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A Traffic Death Raises More Legal Concerns About Tesla’s Autopilot Mode

Stolen car wrecked shortly after it was stolen.

On March 23rd, a Tesla Model X travelling down southbound 101 in Mountain View crashed into a concrete barrier. The impact set the car on fire, and the driver did not survive. Now, investigators are discovering more disturbing information about the crash and raising legal questions about Tesla’s Autopilot Mode.

Is Tesla’s Autopilot Mode Defective?

A game developer at EA Games had just scored an engineering job with Apple. To celebrate this new job and his birthday, the man went to a local Tesla dealership and bought a blue Model X. That present to himself would prove more dangerous that he anticipated.

Not long after purchasing the SUV, the man allegedly told his wife that he was having problems with the vehicle. At a certain point on Highway 101, the car would supposedly veer toward a concrete barrier when in autopilot mode. The man told his family and friends that he had taken the vehicle in to Tesla several times, but that the dealership could not get the vehicle to replicate the problem. So, the problem was apparently dismissed until March 23rd.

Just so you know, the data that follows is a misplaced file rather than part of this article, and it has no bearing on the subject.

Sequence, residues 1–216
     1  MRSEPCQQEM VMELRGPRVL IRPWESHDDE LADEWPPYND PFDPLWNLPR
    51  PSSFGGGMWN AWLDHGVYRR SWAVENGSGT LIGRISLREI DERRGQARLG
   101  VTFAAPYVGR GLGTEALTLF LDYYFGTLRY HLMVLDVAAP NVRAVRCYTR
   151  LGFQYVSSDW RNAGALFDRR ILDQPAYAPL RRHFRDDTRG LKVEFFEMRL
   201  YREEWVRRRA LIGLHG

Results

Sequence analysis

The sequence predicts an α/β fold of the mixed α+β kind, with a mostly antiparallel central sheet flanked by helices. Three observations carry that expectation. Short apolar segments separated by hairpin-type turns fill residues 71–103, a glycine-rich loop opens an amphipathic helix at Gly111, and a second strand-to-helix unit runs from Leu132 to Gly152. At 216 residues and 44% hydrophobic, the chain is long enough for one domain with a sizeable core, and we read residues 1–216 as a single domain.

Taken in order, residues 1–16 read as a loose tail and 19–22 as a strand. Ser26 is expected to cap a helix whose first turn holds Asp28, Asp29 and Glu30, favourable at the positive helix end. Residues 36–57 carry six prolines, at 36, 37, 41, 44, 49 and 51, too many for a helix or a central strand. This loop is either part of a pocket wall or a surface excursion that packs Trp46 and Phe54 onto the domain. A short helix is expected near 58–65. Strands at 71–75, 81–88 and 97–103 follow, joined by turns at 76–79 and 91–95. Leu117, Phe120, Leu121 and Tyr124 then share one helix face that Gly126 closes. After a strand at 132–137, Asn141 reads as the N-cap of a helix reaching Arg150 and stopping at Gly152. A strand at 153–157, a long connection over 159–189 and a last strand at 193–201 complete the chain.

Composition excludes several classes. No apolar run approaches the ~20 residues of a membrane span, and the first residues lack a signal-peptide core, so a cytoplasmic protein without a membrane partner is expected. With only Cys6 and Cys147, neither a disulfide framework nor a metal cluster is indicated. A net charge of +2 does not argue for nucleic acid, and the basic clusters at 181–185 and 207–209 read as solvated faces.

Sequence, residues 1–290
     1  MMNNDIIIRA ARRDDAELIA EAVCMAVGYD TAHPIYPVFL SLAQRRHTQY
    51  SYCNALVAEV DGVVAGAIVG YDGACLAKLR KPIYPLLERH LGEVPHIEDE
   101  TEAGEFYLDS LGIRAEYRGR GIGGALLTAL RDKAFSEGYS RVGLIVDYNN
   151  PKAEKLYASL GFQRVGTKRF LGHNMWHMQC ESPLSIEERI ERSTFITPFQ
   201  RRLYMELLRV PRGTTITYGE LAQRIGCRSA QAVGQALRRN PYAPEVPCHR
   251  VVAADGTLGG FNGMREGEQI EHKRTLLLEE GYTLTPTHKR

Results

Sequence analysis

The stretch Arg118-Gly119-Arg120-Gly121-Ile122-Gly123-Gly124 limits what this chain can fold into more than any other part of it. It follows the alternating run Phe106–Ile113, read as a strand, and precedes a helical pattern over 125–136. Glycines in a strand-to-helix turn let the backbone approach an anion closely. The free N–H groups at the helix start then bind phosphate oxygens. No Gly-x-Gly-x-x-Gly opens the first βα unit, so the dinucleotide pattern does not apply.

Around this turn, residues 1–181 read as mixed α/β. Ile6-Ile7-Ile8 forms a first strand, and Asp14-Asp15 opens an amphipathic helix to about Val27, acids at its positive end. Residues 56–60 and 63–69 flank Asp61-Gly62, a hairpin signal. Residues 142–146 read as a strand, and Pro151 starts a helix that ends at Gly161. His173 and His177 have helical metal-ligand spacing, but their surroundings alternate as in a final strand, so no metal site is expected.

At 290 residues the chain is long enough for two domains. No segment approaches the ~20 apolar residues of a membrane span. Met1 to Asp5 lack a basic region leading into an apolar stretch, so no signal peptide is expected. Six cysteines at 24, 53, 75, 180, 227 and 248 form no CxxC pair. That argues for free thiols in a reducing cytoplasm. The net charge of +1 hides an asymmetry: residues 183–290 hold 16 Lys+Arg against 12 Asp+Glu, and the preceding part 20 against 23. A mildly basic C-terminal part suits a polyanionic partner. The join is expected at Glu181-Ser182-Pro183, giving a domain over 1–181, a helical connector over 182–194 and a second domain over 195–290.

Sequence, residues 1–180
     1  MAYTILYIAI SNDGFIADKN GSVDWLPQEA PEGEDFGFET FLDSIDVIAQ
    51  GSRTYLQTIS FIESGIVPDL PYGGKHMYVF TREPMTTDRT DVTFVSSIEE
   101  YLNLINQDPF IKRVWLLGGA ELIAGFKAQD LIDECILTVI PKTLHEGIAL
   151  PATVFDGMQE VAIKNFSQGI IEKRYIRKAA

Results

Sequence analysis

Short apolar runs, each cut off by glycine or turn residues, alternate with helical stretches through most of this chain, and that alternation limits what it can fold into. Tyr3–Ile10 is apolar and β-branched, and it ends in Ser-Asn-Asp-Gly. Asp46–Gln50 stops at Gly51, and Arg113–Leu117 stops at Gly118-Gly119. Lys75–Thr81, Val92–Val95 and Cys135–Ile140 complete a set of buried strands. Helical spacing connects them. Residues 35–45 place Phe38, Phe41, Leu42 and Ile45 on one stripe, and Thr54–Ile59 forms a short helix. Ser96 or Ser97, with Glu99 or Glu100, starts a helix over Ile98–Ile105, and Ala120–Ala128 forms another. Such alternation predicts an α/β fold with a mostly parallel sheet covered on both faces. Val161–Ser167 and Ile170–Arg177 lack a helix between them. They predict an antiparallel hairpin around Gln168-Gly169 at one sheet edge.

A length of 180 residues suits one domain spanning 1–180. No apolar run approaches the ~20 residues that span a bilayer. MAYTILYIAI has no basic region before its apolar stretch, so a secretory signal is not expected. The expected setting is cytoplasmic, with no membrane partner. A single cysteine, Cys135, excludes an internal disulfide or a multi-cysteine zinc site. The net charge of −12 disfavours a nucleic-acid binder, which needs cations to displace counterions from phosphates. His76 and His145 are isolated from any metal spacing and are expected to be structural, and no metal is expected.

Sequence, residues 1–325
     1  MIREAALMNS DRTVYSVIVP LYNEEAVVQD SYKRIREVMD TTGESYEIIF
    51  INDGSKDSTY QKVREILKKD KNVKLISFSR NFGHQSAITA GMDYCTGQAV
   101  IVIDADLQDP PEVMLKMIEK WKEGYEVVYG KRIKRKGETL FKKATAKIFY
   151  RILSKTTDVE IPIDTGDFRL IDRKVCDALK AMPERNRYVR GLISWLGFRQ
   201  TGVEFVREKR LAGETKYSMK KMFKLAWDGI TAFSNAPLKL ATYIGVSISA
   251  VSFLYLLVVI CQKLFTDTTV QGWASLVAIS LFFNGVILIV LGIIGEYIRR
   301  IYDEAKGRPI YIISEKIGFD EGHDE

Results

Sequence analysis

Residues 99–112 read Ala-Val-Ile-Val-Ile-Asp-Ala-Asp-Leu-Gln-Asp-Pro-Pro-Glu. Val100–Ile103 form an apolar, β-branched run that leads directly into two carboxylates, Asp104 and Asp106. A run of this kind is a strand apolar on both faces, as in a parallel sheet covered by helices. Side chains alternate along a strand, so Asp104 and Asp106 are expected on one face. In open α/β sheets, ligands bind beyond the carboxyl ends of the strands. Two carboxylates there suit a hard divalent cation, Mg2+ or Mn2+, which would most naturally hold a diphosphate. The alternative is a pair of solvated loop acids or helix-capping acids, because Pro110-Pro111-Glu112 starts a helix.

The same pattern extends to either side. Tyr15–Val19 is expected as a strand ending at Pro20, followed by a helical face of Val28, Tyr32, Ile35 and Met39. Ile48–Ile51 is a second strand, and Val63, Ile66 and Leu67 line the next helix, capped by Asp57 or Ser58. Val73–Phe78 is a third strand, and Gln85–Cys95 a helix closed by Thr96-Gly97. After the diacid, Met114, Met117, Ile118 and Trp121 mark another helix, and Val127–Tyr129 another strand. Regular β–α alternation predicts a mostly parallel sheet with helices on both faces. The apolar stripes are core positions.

On that day, the blue SUV rammed the concrete barrier in question while in autopilot mode, taking the life of the Apple engineer. Investigators are still processing the data, but in a startling twist, the Tesla company has been excluded from the investigation. The automaker originally was cooperating with authorities, but it released all its collected data in a blog post. That post also blamed the crash on the Model X driver, and it also stated that the driver’s death was due to a piece of safety equipment that had not been replaced after another vehicle crashed into that same spot a few days earlier.

Investigators were not pleased with Tesla’s candor, and so the company has been excluded from the investigation. Members of the family are also displeased. They recently announced that they will be taking civil action against Tesla, since they believe the Autopilot Mode is defective. The family is also considering legal action against the California Transportation Department due to the missing crash attenuator guard, which may have saved this engineer’s life.

To learn more about your legal options when faced with a terrible tragedy, depend on the experienced injury attorneys at Mary Alexander and Associates, P.C.

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